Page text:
Italy is now the global epicentre of the coronavirus disease, which has killed more Italians than Chinese. A political newcomer is leading Italy’s fight.


Italian Prime Minister Giuseppe Conte during a European Council meeting held by video conference, Rome, Italy, 17 March 2020 (EPA-EFE/Filippo Attili – Chigi Palace handout)

The man leading the fight against the world’s most lethal outbreak of the coronavirus, Italian Prime Minister Giuseppe Conte, was a widely unknown political novice when he came to power almost by accident less than two years ago.

One of the least experienced prime ministers in the country’s history — who once was mocked as “Mr Nobody” — is trying to control a terrifying spread of COVID-19 in Italy’s worst crisis for at least half a century.

Italy overtook China last week as the country with the most virus deaths despite having a population more than 20 times smaller. Its death toll now stands at more than 6,000, compared to little more than half that in China, which has over 17,000 more cases. Some reports say the toll in Italy may be understated because it misses those dying in care homes.

It is Italy’s worst crisis since “the Years of Lead” of urban terrorism in the 1970s and 1980s, which brought state institutions close to collapse, with more than 360 victims murdered in 12,000 violent attacks. Conte said at the weekend it was the most difficult crisis since World War Two.

Ominously, the virus is spreading from its epicentre in the wealthy industrial north to the poor south of Italy, with its much weaker health system. It is being carried by people fleeing from the original outbreak despite orders to stay put.

Hospitals in Italy overwhelmed

The way in which sophisticated hospitals were rapidly overwhelmed by intensive-care patients in the rich Lombardy region, the epicentre of Italy’s outbreak, informed Britain’s decision on March 16 to shift policy towards greater containment and then to impose an unprecedented peacetime lockdown on March 23.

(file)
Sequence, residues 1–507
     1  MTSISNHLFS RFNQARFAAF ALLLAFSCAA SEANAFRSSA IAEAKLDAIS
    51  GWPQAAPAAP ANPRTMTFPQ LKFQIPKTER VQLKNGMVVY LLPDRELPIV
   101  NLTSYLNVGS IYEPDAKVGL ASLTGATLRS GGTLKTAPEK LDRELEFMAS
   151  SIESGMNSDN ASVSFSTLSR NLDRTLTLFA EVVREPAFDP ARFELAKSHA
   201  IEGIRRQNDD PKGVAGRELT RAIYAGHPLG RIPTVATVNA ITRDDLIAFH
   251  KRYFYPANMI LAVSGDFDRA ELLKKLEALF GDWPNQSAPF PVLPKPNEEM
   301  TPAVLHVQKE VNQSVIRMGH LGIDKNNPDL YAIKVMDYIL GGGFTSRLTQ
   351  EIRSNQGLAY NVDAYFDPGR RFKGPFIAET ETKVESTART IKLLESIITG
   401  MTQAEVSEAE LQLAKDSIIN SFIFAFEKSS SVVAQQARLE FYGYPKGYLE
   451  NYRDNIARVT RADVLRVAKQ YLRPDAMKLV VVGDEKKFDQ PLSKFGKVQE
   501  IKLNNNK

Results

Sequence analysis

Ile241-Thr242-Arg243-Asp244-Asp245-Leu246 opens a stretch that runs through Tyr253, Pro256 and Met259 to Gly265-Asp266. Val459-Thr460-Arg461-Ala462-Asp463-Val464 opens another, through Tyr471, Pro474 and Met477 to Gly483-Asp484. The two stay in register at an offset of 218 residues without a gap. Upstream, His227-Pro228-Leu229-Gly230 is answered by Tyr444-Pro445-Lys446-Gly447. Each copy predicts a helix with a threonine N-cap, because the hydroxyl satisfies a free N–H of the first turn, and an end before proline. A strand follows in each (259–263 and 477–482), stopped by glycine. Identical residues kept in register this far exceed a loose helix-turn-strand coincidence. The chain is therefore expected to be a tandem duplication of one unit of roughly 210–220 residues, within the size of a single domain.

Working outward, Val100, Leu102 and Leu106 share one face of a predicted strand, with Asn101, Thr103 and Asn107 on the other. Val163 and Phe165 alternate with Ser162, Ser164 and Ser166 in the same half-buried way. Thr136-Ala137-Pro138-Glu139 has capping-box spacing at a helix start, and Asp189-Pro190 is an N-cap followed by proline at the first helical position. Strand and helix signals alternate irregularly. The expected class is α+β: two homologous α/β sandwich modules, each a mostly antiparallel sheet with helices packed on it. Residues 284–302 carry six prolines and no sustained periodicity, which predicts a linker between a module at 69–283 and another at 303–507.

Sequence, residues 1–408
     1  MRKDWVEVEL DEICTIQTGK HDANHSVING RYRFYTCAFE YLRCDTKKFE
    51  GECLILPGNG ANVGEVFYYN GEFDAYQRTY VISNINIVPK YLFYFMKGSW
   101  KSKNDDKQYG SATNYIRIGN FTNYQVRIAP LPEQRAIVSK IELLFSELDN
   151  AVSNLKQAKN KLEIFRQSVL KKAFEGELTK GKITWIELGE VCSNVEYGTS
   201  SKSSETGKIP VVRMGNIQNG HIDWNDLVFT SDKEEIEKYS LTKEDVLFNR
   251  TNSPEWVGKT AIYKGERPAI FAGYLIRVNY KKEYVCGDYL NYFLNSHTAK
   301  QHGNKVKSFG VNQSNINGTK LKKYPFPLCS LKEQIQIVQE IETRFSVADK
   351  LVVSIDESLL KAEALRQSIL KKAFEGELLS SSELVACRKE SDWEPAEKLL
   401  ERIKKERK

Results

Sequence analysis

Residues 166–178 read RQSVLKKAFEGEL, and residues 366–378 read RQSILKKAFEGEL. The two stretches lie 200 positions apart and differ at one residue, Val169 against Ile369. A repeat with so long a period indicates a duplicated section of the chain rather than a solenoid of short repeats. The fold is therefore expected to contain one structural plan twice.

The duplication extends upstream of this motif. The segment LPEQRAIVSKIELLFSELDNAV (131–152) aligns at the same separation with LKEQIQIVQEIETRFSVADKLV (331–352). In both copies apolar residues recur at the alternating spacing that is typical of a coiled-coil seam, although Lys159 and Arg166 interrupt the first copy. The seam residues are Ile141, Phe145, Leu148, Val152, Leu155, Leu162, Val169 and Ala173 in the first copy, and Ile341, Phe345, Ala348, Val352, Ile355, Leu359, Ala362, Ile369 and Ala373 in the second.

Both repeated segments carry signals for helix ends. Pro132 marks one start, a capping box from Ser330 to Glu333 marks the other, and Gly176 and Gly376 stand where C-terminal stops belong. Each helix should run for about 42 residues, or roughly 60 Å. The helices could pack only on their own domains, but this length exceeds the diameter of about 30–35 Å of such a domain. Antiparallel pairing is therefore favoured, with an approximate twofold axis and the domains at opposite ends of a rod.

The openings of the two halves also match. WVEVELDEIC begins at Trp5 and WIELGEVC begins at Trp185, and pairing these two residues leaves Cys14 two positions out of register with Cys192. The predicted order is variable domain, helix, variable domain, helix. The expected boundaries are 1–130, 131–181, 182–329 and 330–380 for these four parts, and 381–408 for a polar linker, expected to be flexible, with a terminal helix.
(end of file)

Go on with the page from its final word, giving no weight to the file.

Television footage has shown nightmare scenes in the worst-hit Italian town, Bergamo, with patients desperately struggling to breathe in temporary hospital wards.

Leading this daunting war against an invisible enemy is Conte, 55, a reserved law professor from the southern Puglia region, who was seen as a puppet when he was plucked from relative obscurity and appointed prime minister in 2018.

He emerged as premier because the leaders of the two parties forming a governing coalition after winning an election, the populist Five-Star-Movement (M5S) and the hard-right League, could not agree which of them would run the country.

At first, Conte often looked embarrassingly powerless, caught in ceaseless squabbling between M5S’s then-leader, Luigi Di Maio, and Matteo Salvini, head of the League. That was until Salvini, riding high in opinion polls, made a major miscalculation last August by pulling the plug on the government in hopes of leading a new government after totally eclipsing Di Maio and his party.

Instead, the dapper Conte came out of his shell and excoriated Salvini in a powerful speech to the upper house of parliament. He was asked to form a new government from an uncomfortable alliance between M5S and the centre-left Democratic Party, thus becoming the first man in modern Italian history to lead two successive governments of opposing stripes.

Fight of his life

Conte, a devout Catholic, grew in strength in succeeding months before COVID-19 plunged him into the fight of his life.

His quiet dignity and refusal to play the grandstanding games of Salvini and others have gone down well with Italians at a time of existential crisis. His speeches to the nation have been eloquent and effective, and his approval ratings have risen, making him Italy’s most popular politician.

Divorced, with one child and a half-Swedish partner 15 years younger, the premier has even attracted fans in an Instagram group called Le Bimbe di Giuseppe Conte (“Giuseppe Conte’s babes”), with the tag line “the sexiest prime minister in Europe”.